Recent Significant Tree removal appeals
In two recent judgements the Environment, Resources and Development Court (Court) has delved deeply into the provisions of the Regulated and Significant Tree Overlay of the P&D Code and the assessment criteria in respect of risk, and the reasonableness and effectiveness of mitigation measures.
The two judgements, Ditara Pty Ltd v The Corporation of The City of Norwood Payneham & St Peters Assessment Manager  SAERDC 19 and Jarvis Property No. 3 Pty Ltd v City of Holdfast Bay Assessment Panel  SAERDC 2 are factually quite similar, yet resulted in very different outcomes when the Court turned its mind to remedial measures.
In both cases, the Appellant sought to appeal the relevant authority’s decision to refuse the removal of a significant tree.
Both trees were River Red Gums located within and overhanging commercial carparks, one at the Britanna Hotel in Norwood and the other at a commercial building and proposed Jarvis Toyota dealership in Somerton Park. Both trees had a history of limb failure.
Dr Dean Nicolle, an esteemed botanist in the field of eucalyptus, gave evidence for the Appellants in both matters supporting the removal. The Respondents both engaged arborists to give evidence in support of retaining the trees.
In both judgements, the Court in interpreting the P&D Code applied a three-step process to assess the justification for removal:
- Is the significant tree worthy of retention? [which in both cases was uncontested]
- Is the tree damaging activity warranted?
- Have all reasonable remedial treatments and measures been determined to be ineffective?
Is the tree damaging activity warranted?
In both cases, the sole argument was whether the proposal represented an unacceptable risk with reference to PO 1.3 (a)(ii):
“(a) tree damaging activity is only undertaken to:
- mitigate an unacceptable risk to public or private safety due to limb drop of the like”
The experts in both cases came to differing conclusions as to the risk posed by the trees. Dr Nicolle undertook a qualitative assessment of the risk posed by the trees, giving consideration to the context of the species and the consequent impact to persons due to the carpark setting. Overall, he assessed both trees as having a moderate to high risk to public safety such that removal was justified.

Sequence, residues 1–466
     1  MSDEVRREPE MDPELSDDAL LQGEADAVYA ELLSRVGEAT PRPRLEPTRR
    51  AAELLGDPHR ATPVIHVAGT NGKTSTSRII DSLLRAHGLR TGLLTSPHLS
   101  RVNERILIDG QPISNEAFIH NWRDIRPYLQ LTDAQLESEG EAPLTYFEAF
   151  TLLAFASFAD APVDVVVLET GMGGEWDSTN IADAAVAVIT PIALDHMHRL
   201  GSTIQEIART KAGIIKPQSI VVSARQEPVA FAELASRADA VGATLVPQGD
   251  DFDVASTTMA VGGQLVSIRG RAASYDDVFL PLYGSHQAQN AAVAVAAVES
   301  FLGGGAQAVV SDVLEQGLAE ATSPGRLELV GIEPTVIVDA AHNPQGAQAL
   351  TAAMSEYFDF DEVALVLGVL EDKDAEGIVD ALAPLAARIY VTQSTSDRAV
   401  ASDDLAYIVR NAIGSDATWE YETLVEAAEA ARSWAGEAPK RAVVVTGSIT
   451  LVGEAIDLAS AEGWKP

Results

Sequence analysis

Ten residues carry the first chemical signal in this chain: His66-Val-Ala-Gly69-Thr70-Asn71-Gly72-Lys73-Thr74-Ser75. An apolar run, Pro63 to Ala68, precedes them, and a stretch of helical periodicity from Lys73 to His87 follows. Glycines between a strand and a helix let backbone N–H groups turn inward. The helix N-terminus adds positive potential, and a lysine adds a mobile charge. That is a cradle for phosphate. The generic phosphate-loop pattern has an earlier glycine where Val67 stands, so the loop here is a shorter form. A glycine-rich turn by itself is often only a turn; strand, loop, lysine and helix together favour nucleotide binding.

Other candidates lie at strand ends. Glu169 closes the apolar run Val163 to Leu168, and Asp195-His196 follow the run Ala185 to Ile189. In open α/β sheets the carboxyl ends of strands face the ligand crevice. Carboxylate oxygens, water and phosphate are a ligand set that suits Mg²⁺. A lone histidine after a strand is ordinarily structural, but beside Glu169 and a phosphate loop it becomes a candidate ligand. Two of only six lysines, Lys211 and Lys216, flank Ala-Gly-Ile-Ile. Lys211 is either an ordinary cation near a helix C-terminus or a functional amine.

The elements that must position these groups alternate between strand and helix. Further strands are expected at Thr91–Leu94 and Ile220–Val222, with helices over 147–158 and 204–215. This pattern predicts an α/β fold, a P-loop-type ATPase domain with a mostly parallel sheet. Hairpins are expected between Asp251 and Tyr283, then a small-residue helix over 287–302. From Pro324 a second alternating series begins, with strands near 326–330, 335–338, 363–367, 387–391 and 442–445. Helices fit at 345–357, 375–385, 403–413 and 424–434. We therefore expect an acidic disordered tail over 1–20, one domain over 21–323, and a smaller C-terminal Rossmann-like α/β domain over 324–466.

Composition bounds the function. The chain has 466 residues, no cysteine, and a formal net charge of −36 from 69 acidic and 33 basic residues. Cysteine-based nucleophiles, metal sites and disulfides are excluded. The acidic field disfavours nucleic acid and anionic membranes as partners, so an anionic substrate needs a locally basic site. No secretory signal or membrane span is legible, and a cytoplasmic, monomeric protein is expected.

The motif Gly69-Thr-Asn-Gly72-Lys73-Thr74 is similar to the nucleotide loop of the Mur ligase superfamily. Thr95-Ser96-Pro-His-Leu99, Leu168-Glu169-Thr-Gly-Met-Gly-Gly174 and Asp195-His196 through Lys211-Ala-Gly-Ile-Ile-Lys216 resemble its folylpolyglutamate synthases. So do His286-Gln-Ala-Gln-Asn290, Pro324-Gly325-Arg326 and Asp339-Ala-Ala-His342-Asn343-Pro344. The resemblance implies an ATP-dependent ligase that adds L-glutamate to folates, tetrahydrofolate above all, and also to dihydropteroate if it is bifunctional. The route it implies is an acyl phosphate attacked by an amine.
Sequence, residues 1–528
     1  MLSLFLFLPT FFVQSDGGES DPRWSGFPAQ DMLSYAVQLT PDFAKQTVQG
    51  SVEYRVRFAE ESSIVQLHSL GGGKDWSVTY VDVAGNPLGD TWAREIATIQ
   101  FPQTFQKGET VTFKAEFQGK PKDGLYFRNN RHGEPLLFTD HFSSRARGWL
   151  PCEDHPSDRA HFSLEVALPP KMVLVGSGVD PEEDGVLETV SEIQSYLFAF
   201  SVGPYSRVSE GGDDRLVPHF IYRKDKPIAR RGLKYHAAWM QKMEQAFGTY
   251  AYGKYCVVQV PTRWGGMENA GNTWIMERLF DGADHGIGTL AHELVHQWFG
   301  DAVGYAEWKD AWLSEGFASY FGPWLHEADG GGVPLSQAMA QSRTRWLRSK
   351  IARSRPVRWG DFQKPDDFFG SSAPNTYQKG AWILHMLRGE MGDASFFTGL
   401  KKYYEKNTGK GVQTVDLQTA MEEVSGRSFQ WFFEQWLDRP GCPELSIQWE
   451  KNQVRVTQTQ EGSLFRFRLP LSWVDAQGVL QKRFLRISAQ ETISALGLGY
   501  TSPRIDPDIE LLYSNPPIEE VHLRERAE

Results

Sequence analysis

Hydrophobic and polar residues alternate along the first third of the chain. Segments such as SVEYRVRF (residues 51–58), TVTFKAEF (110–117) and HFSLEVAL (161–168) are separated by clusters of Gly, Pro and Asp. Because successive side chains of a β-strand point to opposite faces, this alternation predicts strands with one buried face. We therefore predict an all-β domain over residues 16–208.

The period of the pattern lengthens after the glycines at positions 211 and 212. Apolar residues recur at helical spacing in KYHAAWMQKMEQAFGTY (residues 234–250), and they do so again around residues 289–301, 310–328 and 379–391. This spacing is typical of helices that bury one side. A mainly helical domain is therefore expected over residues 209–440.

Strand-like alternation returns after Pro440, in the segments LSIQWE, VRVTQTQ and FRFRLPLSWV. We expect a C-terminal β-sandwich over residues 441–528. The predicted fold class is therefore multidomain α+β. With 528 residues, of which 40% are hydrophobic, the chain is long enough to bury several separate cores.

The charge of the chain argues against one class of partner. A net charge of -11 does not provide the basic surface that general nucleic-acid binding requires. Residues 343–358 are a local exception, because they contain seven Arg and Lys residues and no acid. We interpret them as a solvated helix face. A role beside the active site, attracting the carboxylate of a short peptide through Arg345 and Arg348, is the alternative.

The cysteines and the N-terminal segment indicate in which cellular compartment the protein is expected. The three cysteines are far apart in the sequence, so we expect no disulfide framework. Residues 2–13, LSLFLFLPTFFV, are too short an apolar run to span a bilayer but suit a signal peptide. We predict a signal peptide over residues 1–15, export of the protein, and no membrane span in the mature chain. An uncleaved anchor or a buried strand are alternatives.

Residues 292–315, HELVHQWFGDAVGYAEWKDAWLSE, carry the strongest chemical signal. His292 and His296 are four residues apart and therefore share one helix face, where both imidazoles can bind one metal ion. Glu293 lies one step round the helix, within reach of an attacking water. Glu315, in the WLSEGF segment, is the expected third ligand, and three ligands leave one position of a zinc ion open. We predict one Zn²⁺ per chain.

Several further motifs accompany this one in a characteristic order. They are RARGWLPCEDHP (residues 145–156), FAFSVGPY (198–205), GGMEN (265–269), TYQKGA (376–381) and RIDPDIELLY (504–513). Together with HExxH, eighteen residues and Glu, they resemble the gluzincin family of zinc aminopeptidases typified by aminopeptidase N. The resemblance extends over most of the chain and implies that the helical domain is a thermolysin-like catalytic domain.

In contrast, the Respondents arborists employed the industry recognised TRAQ model, to assess tree risk. Using this model, both arborists determined the risk of the trees to be low, but conceded that the TRAQ model is sensitive to different inputs and the assessment may change if various assumptions made by the arborists were different.
Ultimately, the Court in both matters, preferred the evidence of Dr Nicolle due to his extensive study and biological knowledge of River Red Gums coupled with a continuation of the historical reservation with the sensitivity of the TRAQ style risk assessment model.
The Court held that both trees posed a moderate risk to safety, noting the setting of both trees in carparks serving commercial trade and the high level of human activity beneath the canopy elevates the risk when compared to similar trees located in different circumstances. Interestingly, the Court considered a moderate risk enough to justify removal, presumably thereby forming the view that a moderate risk was enough to be “unacceptable” for the purposes of PO 1.3 (a)(ii).
Have all reasonable remedial treatments and measures been determined to be ineffective?
Finally, the Court considered whether or not all other reasonable remedial treatments and measures had been determined to be ineffective. This is where the cases diverged.
In Jarvis, pruning, cabling and an exclusion zone were identified as the key alternatives to removal. While the practical knowledge of the arborist for the Respondent was accepted by the Court, again the detailed and scientific evidence of Dr Nicolle was preferred who advised the Court that pruning and cabling would be ineffective. Both experts agreed that an exclusion zone would mitigate the risk, but would result in an unreasonable material loss of on-site car parking.
The Court held that there were no reasonable effective remedial treatments available and the appeal was upheld, allowing the Somerton Park tree to be removed.
In contrast, the Court found in Ditara that tree pruning was a reasonable remedial treatment and the Appellant had not demonstrated that it would be ineffective. The Court was particularly assisted by the Respondent’s arborist who had practical experience in similar situations and prepared a thoughtful pruning plan which met relevant standards, retained the overall height and canopy form of the tree and managed risk.
As such, the Court held that while the Kensington tree did pose an unacceptable risk to public and private safety, the tree did not warrant removal while effective pruning was an available mitigation measure.
Take Home Message
These cases highlight the difficulties in assessing risk in the context of tree removal and that caution should be exercised in relying solely on an arborist’s assessment of risk. Further, it highlights that just because a tree represents an unacceptable risk it does not mean it warrants refusal, but that a careful consideration of remedial treatments and measures is required.
For more specific information on any of the material contained in this article please contact Aden Miegel on +61 8 8217 1342 or AMiegel@normans.com.au or Alice Tonkin on +61 8 8217 1372 or ATonkin@normans.com.au.